Black has regrouped his pieces and threatens to become active. It is a good moment for White to force a perpetual, especially that the situation in the match does not require exagerated risks. 31.Qd4 Kf8 32.Qh8+ Qg8 33.Qd4 Qf7 34.Qh8+ 1/2-1/2. [Click to replay]


Alexei Shirov, who must win tomorrow's game with white to stay in the finals


Kamsky,G (2705) - Gelfand,B (2733) [B52]
WCh Candidates Finals Elista RUS (5), 11.06.2007 [Mihail Marin]

1.e4 c5 2.Nf3 d6 3.Bb5+ Bd7 4.Bxd7+ Qxd7 5.c4. Given Kamsky's tendency to avoid topical lines, this looks like a safe choice of opening. In the Rossolimo variation White cannot claim an objective advantage, but obtains more space in a relatively stable position. Judging from the further course of the game, Kamsky did not anticipate how "relative" this evaluation really is... 5...Nf6 6.Nc3 g6 7.0-0 Bg7 8.d4 cxd4 9.Nxd4 0-0. Black has delayed the development of his queen's knight, but could still transpose to the old main lines with 10...Nc6. However, Gelfand had other plans. 10.f3 Rc8 11.b3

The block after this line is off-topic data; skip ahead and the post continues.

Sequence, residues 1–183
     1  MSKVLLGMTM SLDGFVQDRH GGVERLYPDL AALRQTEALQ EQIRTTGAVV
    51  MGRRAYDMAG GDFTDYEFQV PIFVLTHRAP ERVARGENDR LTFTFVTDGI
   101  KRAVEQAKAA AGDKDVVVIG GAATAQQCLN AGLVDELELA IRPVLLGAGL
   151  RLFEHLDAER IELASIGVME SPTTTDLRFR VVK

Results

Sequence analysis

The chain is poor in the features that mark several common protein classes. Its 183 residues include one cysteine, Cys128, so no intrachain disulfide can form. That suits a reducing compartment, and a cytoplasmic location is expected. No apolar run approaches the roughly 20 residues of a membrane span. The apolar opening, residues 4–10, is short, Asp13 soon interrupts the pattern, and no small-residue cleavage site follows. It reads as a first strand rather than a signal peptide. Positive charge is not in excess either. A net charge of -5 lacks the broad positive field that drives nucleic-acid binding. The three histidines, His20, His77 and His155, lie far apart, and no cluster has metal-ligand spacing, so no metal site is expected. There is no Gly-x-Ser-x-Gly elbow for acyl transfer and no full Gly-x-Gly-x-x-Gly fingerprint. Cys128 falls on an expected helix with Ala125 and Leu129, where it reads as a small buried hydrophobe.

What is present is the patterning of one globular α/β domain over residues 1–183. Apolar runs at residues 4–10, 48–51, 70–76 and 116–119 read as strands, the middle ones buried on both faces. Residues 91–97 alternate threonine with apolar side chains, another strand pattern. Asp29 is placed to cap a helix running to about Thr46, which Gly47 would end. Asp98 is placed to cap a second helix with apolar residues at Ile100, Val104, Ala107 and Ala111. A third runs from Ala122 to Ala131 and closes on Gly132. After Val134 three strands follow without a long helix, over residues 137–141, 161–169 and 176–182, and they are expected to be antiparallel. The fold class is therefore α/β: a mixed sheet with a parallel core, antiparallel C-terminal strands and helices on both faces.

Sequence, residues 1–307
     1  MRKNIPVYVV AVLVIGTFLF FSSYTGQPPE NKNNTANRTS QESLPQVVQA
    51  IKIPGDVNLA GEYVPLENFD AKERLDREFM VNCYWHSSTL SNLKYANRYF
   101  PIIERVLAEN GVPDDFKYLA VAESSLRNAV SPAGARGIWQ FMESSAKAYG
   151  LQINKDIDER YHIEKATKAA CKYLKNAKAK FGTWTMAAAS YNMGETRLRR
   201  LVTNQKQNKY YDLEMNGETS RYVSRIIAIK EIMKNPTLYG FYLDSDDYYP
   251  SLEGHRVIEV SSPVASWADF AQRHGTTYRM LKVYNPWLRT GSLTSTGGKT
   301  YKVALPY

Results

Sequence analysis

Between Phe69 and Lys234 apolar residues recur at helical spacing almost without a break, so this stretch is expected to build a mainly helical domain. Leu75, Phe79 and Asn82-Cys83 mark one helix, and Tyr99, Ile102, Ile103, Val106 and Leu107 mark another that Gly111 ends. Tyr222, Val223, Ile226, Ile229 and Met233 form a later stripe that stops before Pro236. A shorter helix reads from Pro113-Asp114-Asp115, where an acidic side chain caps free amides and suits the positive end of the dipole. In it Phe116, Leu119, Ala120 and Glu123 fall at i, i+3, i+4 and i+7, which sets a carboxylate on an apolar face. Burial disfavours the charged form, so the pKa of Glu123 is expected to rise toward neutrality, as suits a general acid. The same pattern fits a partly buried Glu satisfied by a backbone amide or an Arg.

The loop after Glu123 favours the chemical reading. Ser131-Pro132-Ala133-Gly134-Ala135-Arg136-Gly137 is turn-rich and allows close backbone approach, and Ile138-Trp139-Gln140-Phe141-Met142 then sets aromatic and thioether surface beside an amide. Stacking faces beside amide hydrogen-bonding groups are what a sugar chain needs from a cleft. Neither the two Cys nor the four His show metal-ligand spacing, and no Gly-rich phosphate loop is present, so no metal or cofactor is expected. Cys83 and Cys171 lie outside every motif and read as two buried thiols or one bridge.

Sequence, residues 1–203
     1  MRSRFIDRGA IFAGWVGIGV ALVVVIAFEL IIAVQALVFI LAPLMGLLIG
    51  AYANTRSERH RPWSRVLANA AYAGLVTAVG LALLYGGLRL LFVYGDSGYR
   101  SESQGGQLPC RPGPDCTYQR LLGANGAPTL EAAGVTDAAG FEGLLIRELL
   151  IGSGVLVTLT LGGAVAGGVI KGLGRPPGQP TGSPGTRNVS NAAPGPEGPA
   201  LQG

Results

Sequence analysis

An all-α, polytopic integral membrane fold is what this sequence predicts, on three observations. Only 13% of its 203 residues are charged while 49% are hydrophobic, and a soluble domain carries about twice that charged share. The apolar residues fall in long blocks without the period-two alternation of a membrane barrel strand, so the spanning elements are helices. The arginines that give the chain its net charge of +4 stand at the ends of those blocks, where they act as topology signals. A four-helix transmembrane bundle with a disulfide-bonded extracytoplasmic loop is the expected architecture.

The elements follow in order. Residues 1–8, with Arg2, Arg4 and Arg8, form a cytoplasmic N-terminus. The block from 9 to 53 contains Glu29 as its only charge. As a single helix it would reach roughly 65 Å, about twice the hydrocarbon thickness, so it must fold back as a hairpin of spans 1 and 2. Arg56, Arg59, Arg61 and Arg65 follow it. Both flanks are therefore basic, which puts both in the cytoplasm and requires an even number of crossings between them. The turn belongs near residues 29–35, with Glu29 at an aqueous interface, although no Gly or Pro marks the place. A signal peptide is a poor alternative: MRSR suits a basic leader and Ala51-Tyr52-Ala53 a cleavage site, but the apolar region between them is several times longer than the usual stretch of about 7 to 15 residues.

11...d5!! Boom! Forget about stability in the centre; with this "delayed Grünfeld" blow Black gives the position an open character. Judging from Kamsky's long thinking starting with this moment, he must not have been aware of the fact that this move had been played in several dozens of games already... 12.exd5 [Personally, I would be more concerned about 12.e5 , but the move played by Kamsky belongs to main stream of "theory" still.] 12...Nxd5 13.Nxd5 e6 14.Bh6! exd5 15.Bxg7 Kxg7 16.c5. This had been played just once before. Most of the games went 16.Nb5 with equal play. 16...Na6 17.Nc2. This is a strong novelty maintaining... equality! After 17.Qd2 Nxc5 Black was a pawn up in Kovalevskaya-Kosintseva, Krasnoturinsk 2005. 17...Nxc5 18.Qd4+ f6 19.Ne3 Ne6